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Bruno Le Floch <[log in to unmask]>
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Mailing list for the LaTeX3 project <[log in to unmask]>
Wed, 26 Oct 2011 06:59:16 -0400
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Hello Lars,

First, sorry for the delay on the other thread about Church booleans.
Quite a lot of things cropped up in parallel these days. (And I
personally have more non-LaTeX things to do than expected.) It is not

Inasmuch as I like the Church boolean idea, my first reaction to
combinatory logic is "why would we need this in (La)TeX?" I have to
admit, though, that I never studied lambda calculus carefully enough
to understand any practical use for it (the only course I took that
used it mostly mentionned category theory and Yoneda's lemma).

> much easier to understand when one transcribes the whole thing into LaTeX
> macros. :-)

I can imagine that to be true, given the paper that David already
mentionned earlier in the thread.

> My thought with this mail is mainly to ask whether there are any more of
> these (or other standard combinators) that are defined in LaTeX3 already.

No. Most often, the cases where those kinds of macros are useful in
LaTeX are when you try to control expansion, and that's taken care of
by the l3expan module. Maybe some of the functions from that module
look a little bit like that (not quite, though).

> I seem to recall some discussion to the effect that the C combinator might be
> named \use_i_biii_bii:nnn, but I haven't seen any occurrence in the source
> of such _bii_ names (then again, maybe I'm not looking close enough).

There was such a discussion. I think I was the one to use that in some
code I submitted to the scrutiny of LaTeX-L a few months ago. The code
itself got refactored in a much cleaner way (IIRC, that's the ancestor
of the \tl_act... family of expandable functions). That particular
naming scheme is not used currently. However, I have to admit that I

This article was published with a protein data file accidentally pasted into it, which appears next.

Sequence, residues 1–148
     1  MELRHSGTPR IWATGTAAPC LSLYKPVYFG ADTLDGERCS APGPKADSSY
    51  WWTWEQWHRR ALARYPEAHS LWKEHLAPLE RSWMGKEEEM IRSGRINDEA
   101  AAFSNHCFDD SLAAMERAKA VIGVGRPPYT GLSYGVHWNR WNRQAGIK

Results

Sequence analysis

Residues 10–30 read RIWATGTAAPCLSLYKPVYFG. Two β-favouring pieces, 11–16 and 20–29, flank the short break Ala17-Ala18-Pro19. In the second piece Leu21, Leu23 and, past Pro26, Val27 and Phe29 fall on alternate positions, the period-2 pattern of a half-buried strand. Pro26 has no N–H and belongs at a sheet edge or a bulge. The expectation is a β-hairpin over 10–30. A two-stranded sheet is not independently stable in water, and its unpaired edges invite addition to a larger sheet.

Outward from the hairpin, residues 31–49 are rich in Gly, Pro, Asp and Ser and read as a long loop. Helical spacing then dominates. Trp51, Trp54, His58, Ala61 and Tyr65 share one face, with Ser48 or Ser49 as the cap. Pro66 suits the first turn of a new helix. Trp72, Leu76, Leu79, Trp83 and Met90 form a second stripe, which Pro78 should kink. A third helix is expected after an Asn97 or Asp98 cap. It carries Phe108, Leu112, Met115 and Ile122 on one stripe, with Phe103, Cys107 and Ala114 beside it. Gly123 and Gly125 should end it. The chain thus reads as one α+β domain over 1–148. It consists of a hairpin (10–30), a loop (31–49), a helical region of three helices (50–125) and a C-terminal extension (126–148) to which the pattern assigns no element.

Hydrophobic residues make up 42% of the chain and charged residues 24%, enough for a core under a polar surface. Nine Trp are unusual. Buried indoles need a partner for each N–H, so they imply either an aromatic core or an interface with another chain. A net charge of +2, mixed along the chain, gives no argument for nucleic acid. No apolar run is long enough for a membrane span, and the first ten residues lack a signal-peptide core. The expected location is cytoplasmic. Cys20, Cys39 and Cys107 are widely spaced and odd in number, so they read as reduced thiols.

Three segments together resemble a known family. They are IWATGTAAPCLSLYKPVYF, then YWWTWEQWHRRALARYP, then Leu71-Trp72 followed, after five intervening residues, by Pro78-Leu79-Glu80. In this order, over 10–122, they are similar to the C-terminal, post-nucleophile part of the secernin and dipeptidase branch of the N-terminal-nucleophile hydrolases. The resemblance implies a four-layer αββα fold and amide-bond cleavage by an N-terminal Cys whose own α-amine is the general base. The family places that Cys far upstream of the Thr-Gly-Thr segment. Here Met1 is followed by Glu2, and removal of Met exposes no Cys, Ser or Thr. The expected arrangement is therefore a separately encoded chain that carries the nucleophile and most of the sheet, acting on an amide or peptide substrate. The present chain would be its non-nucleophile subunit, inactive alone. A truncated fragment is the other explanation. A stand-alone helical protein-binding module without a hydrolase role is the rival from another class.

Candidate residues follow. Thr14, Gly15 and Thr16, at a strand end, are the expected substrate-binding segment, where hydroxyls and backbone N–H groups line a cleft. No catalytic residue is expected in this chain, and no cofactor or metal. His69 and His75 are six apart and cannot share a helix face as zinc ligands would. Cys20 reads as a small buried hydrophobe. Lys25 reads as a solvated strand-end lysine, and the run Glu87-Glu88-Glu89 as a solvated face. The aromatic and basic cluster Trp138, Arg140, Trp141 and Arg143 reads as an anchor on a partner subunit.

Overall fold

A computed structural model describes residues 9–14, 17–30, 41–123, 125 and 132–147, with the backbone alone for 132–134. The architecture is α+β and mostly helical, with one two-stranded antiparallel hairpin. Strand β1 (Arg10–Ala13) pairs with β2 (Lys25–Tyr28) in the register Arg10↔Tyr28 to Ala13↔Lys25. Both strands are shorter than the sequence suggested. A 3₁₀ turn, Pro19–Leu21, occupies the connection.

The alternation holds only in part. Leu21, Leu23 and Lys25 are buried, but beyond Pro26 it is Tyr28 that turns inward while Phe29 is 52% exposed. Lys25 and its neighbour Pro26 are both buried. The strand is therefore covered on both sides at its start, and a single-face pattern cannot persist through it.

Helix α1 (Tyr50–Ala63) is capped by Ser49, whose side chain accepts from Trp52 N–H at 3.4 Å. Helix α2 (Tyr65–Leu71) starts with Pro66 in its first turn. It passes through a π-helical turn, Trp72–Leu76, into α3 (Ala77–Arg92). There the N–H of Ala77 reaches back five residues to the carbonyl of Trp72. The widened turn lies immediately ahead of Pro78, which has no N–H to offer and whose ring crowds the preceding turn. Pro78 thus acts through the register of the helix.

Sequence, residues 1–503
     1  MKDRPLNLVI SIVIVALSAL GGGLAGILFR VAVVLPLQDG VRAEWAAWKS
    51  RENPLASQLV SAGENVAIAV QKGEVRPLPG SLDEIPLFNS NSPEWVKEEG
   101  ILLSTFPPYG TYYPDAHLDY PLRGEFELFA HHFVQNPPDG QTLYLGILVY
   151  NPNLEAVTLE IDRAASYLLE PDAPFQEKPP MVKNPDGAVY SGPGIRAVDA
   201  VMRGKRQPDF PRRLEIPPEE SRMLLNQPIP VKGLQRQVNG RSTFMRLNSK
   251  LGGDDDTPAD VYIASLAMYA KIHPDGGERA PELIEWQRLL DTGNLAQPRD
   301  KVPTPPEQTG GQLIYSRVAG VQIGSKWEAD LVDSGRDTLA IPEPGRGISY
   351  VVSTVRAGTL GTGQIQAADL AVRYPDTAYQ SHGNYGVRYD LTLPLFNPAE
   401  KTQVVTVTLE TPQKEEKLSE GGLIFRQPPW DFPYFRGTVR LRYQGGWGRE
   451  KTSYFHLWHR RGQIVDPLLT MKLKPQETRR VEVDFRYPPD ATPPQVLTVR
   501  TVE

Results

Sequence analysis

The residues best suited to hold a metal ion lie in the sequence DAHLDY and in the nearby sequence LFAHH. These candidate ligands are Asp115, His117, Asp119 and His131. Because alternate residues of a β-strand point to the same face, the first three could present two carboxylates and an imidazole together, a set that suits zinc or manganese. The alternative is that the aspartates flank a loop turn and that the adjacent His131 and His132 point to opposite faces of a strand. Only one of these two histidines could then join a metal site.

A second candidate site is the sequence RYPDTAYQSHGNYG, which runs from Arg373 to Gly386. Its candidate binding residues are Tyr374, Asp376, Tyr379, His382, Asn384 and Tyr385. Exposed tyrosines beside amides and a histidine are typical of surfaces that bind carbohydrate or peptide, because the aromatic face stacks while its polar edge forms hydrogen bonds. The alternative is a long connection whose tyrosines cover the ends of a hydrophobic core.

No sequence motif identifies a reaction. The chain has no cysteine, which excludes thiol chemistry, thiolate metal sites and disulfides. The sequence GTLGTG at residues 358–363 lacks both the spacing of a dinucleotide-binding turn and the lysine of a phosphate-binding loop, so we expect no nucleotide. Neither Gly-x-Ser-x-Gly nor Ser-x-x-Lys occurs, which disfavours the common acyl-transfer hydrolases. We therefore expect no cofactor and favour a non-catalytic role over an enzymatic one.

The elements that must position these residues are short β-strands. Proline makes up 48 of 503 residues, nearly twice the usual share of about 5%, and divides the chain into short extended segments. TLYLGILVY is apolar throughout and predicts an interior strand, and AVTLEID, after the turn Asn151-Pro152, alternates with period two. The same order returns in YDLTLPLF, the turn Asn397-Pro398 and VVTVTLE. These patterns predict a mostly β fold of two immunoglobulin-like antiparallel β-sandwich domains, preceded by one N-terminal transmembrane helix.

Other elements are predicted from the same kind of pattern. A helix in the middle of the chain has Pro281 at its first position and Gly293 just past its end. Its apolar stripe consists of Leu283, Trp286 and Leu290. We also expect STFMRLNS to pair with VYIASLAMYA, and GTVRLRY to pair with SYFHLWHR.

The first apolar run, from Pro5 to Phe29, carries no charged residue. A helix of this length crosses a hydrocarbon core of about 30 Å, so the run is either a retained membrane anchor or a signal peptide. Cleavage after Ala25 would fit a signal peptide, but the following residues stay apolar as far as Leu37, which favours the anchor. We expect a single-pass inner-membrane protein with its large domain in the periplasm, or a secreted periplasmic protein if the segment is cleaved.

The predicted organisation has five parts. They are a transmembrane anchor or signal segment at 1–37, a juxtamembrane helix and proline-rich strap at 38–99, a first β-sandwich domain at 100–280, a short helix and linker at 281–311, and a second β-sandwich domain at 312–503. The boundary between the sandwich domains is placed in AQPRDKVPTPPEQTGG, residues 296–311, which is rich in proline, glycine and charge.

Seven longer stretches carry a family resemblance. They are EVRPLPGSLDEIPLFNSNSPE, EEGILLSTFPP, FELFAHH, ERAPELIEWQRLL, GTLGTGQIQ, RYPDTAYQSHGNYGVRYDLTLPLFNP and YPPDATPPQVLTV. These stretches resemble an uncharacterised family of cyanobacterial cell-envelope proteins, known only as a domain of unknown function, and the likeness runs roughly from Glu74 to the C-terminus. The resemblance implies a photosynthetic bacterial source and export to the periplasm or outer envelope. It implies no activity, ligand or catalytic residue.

introduced and removed \use_i_bii:nn #1#2->#1{#2} a couple of times
when coding the (future) floating point module. It might still be
floating around there.

> Continuing such a naming scheme, one would arrive at maybe
>    \use_i_biibiii:nnn        for the B combinator
>    \use_i_biii_biibiii:nnn   for the S combinator
> which does not seem entirely practical...

I agree, both with what the names could naturally be, and with the
fact that it is totally unpractical. A better choice is ad-hoc names
such as \combinator_S:nnn. After all, that's how other people call it,
not "Apply 1st to 3rd to 2nd applied to 3rd" ("A1t3t2at3"?).

In general, a function which does complicated things to its argument
should probably get a name specific to the module which uses it. In
the floating point module I definitely have functions such as

#1#2#3#4#5#6#7#8 -> {#1#2#3#4}{#5#6#7#8}

which I won't call \use_B_i_ii_iii_iv_E_B_v_vi_vii_viii_E:nnnnnnnn,
but rather \fp_aux_brace_iv_iv:nnnnnnnn, or something like that.

> the primary intent for which is that #1{#4} should behave as a Church
> boolean, and thus select whether to apply #2 or #3 to the second #4. I
> suspect \Lift, \Twiddle, \Compose, and maybe some additional macro could be
> combined into an S combinator, but it is not immediately clear to me how.

I don't have enough lambda background to figure that one out (and I've
still got a few things to change in l3regex before I leave for two

> three years was a lot of time in TeX history, back then.

It still is. The engines themselves change, nowadays :).

> Somewhat relatedly, it occurs to me that the process of converting
> lambda-terms to combinator formulae /might/ be the beginning of an approach
> to having "named command parameters" in (high-level) LaTeX without radical
> modifications of the TeX engine -- the idea being that the named parameters
> are (upon macro definition) removed from the replacement text as a matter of
> lambda elimination (conversion of a lambda term to an equivalent
> combinatorial term). Whether that would be practical is of course an
> entirely different matter. ;-)

Care to elaborate??

I can write a fully robust, but entirely unpratical, conversion from
named parameters to numbered parameters: pass the definition through
ted.sty (or some adaptation thereof). Locate all #. Read the
corresponding names. Convert to digits. Build the token list back
(that piece is easy, see l3trial/cs-input/cs-input.dtx). For more than
9 arguments, things are harder, but also feasible.

I'd argue, though, that it is useless. If you want named parameters,
key-value input is much more powerful.